Criminal Law Blog

Newsflash! MPD’s warrantless use of a cell-site simulator constitutes an unlawful search

Jones v. United States (decided September 21, 2017).

Players: Associate Judges Thompson and Beckwith, Senior Judge Farrell.  Opinion by Judge Beckwith.  Partial concurrence/dissent by Judge Farrell.  Dissent by Judge Thompson.  PDS for Mr. Jones.  ACLU and Electronic Frontier Foundation as amicus.  Trial judge: Jennifer M. Anderson.

Facts: Evidence at the suppression hearing established that in October of 2013, officers of the Metropolitan Police Department were investigating two reports of sexual assault.  The complainants in both cases reported that the perpetrator had contacted them by phone to arrange to pay for sexual services in response to advertisements the complainants had posted.  At the arranged meetings, the perpetrator sexually assaulted the women at knifepoint and stole their cell phones.  MPD investigation revealed that each complainant had received a call from the same number during the relevant time periods. 

Police then obtained information about the location of the suspect’s and complainants’ phones from the relevant cell phone companies.  The data they received indicated that one complainant’s phone and the suspect’s phone appeared to be together in the vicinity of the Minnesota Avenue Metro station.  MPD officers took a cell-site simulator to the area and used the device to track the Mr. Jones’s phone.  The signal led them to a parked car.  Inside the car were Mr. Jones and his girlfriend, Nora Williams.  The police arrested Mr. Jones and recovered evidence from his person and his car, and from Ms. Williams. 

Cell-site simulators work as follows: The police first obtain subscriber information and real-time location information from a target’s cell phone service provider to narrow down a search area.  Then police proceed to that area with a cell-site simulator.  When the simulator detects the target phone, it “grabs” the target phone.  The simulator then begins reporting location and signal strength information that can be used to locate the target phone.  Because cell phones are “dumb devices,” as the defense expert put it, and are unable to differentiate between a legitimate cell tower and a cell-site simulator, the simulator induces the phone to divulge its indentifying information.  Slip. op at 16-17.  (The “StingRay” is a popular cell-site simulator produced by the Harris Corporation.  The record in this case does not include the name of the device used against Mr. Jones.  Slip op. at 2 n.2.)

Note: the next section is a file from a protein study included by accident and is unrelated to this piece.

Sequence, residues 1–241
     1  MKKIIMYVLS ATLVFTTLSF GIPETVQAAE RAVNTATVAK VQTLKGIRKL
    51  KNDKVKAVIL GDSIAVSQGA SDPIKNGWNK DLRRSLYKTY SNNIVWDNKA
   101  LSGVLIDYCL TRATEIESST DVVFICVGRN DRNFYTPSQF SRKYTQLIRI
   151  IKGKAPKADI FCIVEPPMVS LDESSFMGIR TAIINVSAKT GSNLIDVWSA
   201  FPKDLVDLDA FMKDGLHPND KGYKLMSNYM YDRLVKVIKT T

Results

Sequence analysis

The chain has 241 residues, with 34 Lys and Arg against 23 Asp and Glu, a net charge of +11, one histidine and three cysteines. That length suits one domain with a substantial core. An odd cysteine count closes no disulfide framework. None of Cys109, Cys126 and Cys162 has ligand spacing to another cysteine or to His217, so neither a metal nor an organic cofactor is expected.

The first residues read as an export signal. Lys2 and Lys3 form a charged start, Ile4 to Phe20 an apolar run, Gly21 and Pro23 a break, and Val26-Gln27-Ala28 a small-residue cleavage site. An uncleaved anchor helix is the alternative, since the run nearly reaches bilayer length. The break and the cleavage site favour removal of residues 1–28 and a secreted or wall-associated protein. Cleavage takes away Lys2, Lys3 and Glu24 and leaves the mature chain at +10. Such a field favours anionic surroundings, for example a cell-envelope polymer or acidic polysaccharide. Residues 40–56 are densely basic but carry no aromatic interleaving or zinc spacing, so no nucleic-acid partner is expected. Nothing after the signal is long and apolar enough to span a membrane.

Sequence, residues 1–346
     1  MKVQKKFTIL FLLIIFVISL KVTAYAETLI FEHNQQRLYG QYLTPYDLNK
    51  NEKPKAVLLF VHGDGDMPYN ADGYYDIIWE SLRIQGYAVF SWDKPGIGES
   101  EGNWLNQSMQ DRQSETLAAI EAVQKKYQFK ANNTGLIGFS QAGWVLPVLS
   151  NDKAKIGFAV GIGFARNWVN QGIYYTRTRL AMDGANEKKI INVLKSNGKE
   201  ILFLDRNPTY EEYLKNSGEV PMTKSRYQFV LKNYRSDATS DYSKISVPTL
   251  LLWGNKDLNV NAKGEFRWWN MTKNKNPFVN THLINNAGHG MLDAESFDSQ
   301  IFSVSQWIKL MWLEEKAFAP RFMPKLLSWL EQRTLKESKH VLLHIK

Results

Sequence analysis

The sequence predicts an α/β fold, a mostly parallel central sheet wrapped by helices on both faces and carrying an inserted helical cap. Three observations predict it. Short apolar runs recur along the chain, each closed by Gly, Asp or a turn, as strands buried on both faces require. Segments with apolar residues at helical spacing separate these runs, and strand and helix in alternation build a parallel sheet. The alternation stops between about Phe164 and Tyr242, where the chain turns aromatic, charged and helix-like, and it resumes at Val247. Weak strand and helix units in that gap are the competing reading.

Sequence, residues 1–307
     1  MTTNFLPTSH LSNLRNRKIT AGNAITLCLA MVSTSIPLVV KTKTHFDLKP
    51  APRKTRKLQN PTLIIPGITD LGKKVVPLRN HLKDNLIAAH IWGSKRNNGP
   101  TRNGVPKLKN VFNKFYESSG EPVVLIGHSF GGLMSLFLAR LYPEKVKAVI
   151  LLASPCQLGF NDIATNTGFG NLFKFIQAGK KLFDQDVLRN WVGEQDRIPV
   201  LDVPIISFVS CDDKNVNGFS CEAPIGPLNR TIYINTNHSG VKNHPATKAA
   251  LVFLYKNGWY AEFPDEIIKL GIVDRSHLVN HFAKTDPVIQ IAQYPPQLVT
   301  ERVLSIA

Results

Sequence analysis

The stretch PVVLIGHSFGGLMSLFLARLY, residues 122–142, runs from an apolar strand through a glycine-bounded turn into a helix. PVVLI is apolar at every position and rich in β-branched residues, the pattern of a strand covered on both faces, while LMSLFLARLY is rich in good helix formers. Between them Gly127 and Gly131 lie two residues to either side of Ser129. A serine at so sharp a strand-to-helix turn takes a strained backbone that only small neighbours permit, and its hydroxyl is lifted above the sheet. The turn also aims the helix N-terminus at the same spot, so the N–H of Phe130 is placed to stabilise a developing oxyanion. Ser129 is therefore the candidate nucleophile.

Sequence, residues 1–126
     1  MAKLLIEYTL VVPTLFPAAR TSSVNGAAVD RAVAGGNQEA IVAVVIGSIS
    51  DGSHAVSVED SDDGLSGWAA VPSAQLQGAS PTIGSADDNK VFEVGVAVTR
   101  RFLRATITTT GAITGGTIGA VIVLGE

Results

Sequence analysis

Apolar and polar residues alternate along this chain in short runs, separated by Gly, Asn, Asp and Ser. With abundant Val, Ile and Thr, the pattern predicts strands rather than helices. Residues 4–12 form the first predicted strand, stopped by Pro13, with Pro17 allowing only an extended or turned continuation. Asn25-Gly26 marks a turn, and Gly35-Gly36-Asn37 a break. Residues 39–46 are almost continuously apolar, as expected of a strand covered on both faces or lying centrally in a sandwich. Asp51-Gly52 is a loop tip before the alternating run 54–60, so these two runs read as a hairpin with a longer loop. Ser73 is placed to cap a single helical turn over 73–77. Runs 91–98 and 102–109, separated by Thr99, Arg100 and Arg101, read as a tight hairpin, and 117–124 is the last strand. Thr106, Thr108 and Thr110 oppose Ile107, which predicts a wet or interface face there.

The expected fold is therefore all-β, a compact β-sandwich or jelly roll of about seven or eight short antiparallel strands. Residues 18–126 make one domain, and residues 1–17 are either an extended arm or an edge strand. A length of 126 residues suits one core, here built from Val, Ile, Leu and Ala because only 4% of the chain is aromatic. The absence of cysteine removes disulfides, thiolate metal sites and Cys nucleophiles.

The trial court denied the suppression motion, ruling that the inevitable-discovery doctrine rendered the exclusionary rule inapplicable.  This appeal follows Mr. Jones’s conviction at trial.

Issue: Whether the government’s use of a cell-site simulator to locate Mr. Jones’s cell phone constituted a search for purposes of the Fourth Amendment. 

Holding: Yes.  The Court distinguished this case from Supreme Court precedent in which location data transmitted by trackers was found not to constitute a search.  See, e.g., United States v. Jones, 565 U.S. 400, 402-03 (2012) (GPS tracker placed on the defendant’s wife’s car); United States v. Karo, 468 U.S. 705, 708 (1984) (tracker placed in container of chemicals the defendants purchased).  Unlike a tracking device, the Court reasoned, a cell-site simulator enables police to locate a person whose whereabouts were previously “completely unknown.”  Slip op. at 15.  “A cell-site simulator allows police officer’s who possess a person’s telephone number to discover that person’s precise location remotely and at will.”  Id. at 17.  Furthermore, unlike a person’s location that can be observed through visual surveillance, the information obtained by a cell-site simulator is not “readily available and in the public view,” Slip op. at 19 (quoting Andrews, 134 A.3d at 348).  Therefore, “under ordinary circumstances, the use of a cell-site simulator to locate a person through his or her cell phone invades the person’s actual, legitimate, and reasonable expectation of privacy in his or her location information and is a search.”  Slip op at 20-21.  As the government’s use of the cell-site simulator to locate Mr. Jones was a search for which the police did not obtain a warrant, their conduct violated the Fourth Amendment. 

Of Note:

The question of whether the government is required to obtain a warrant before using a cell-site simulator to locate a cell phone was an issue of first impression not only here in the District, but virtually everywhere in the country.

The Court considered and rejected the government’s arguments that a warrant was not required:

  • Exigent circumstances: The trial court rejected the government’s argument that exigent circumstances justified noncompliance with any otherwise applicable warrant requirement, given the ten hours that elapsed between the sexual assault and Mr. Jones’s arrest.  Slip op. at 11.